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Staying Safe In The Sun

June 11, 2012, 6:06 PM by Casey Wonnenberg

Staying Safe In The Sun

Between the swimming pool, baseball games and bike riding, kids spend a lot of time outside this time of year.  But all that sun can be dangerous.

Melanoma, the most dangerous form of skin cancer, is rising in young adults. Some researchers think sunburns may be to blame.

With temperatures nearing ninety lately, children have been leaping into Sioux Falls pools, including four-year-old MaKenzie Cunningham.

"She comes out here all the time. We're here a lot," mother Danielle Cunningham said.

But MaKenzie's mom wants her daughter to have fun without the pain of a sunburn. That's why she layers on the sunscreen.

"She burns. I burn like no other, and we just peel and go back to white," Danielle said.

Despite the rise in melanoma cases in young adults, you don't have to tell your kid to avoid outdoor activities such as the swimming pool.  But you should take some safety precautions, that is, unless your child is younger than six-months old.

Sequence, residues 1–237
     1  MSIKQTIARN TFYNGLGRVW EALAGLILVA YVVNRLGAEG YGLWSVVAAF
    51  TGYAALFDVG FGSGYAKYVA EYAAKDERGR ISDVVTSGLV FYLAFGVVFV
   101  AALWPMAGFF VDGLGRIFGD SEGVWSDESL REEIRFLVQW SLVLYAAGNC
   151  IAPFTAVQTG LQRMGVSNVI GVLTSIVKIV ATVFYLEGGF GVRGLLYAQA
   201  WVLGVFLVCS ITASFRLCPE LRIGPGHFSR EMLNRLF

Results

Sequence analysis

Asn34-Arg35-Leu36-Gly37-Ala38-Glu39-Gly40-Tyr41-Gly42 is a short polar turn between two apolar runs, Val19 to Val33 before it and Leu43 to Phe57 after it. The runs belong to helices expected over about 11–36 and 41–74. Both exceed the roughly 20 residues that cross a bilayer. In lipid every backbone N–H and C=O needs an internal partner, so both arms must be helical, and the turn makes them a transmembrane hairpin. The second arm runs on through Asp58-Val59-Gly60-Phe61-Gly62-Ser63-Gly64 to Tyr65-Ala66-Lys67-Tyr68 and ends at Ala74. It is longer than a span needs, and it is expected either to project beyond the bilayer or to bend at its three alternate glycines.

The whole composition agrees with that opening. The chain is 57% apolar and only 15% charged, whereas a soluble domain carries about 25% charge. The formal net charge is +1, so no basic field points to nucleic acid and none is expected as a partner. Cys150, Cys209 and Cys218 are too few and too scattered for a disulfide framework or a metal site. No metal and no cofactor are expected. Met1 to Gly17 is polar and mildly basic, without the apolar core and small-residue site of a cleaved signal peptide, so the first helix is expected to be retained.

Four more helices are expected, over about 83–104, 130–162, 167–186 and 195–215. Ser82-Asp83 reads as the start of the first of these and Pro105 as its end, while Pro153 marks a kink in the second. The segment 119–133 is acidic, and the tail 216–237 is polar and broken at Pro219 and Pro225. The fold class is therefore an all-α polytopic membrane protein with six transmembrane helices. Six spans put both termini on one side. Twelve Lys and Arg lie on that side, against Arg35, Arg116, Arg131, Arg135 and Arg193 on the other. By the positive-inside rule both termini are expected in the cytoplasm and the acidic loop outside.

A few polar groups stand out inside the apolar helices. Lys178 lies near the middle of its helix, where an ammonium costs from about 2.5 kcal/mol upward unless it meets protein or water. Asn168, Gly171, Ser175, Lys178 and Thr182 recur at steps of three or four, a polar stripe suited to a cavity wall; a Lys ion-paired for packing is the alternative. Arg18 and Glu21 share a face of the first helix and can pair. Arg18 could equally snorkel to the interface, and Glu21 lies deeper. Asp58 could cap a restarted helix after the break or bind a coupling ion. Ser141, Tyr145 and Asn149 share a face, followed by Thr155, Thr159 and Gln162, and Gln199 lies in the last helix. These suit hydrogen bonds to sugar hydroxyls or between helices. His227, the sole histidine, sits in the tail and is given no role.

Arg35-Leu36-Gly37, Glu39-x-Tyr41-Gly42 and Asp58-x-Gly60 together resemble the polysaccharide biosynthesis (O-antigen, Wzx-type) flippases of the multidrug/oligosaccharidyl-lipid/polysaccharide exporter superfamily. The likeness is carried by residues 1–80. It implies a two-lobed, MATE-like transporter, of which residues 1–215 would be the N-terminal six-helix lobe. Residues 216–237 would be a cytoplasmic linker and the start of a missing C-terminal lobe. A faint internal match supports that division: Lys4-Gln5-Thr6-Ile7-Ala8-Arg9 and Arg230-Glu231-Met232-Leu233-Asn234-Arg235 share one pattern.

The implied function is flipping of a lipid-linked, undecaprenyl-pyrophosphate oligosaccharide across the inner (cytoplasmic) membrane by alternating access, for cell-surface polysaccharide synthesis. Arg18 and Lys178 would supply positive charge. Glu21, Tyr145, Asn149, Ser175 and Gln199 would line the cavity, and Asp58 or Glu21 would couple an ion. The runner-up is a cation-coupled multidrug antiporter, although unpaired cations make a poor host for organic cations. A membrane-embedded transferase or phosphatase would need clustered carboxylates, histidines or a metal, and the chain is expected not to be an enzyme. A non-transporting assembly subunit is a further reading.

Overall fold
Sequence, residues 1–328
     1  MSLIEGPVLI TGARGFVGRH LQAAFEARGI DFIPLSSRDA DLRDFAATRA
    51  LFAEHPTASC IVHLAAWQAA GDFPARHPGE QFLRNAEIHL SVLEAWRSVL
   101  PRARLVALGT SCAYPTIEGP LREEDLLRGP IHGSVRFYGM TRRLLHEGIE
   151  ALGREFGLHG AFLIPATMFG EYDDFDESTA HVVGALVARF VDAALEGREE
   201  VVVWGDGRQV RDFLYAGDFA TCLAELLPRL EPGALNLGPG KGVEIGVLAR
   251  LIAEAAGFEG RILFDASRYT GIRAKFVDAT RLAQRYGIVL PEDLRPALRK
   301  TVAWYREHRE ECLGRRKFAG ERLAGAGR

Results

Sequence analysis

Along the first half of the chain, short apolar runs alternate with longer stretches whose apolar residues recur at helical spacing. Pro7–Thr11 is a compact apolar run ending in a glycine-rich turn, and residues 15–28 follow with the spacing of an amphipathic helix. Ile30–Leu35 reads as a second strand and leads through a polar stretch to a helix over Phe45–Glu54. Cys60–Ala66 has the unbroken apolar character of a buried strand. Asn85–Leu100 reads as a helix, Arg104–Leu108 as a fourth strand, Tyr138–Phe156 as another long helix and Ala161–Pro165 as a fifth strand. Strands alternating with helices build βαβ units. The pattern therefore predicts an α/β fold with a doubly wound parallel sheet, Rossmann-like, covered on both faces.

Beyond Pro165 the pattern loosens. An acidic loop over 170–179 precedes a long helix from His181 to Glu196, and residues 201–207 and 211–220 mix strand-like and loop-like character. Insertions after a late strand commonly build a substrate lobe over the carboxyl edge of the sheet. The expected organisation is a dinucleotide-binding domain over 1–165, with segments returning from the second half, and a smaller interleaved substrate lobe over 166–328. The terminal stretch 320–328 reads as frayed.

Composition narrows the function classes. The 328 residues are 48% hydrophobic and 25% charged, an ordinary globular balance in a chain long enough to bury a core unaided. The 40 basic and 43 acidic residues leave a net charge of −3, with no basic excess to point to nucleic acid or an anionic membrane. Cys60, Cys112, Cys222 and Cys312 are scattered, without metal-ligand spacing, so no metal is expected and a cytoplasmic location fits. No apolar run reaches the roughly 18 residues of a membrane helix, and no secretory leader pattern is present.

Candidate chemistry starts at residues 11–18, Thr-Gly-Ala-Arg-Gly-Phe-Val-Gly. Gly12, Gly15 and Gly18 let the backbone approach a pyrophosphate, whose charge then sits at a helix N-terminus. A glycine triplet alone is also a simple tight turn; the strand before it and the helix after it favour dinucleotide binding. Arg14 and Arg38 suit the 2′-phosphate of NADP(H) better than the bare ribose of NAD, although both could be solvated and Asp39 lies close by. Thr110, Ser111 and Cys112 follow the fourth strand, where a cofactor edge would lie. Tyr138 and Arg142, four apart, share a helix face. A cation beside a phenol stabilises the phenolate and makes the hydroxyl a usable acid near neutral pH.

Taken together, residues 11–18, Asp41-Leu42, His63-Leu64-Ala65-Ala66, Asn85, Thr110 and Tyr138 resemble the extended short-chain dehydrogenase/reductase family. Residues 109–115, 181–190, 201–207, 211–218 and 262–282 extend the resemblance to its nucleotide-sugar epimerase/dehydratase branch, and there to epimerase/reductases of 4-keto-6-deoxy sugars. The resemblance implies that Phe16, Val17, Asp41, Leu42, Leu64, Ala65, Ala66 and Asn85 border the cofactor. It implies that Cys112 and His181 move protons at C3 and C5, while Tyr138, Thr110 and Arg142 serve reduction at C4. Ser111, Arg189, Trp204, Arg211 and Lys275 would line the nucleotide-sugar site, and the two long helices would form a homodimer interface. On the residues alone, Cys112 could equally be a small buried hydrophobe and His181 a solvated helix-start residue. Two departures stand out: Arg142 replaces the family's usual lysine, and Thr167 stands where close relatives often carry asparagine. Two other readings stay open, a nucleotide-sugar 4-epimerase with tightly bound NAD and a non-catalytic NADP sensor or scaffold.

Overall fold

"Under the age of six months, I recommend shade. I don't recommend sunscreen on children under six months of age," Dakota Dermatology Dr. Kelly Jerstad said.

Dermatologist Kelly Jerstad says shade offers the best protection along with clothing. She recommends hats and shirts, including a long-sleeved swimming shirt for swimmers. You should also put chemical-free sunscreen on your children even if they're outside for just a few minutes.

"You don't expect to stay out maybe more than five minutes but before you know it, half an hour passes. You can get a sunburn as quickly as just a few minutes, especially early on in the year," Jerstad said.

Jerstad says a child's skin is more sensitive and susceptible to sunburns; something many parents are starting to pay more attention to, including Cunningham.

"It's important to keep your kids sunblocked up, otherwise you're going to risk cancer for them, which is something you as a parent have to watch out for them now because they can't do it," Cunningham said.

Tanning beds are also being blamed for the spike in melanoma cases.

The American Academy of Dermatology says you should use one ounce of sunscreen, or enough to fill a shot glass, over the exposed areas of your body, adjusting the amount applied depending on your body size.  You should also apply it 15 minutes before going outside.  For more information on sunscreen guidelines visit the American Academy of Dermatology website.

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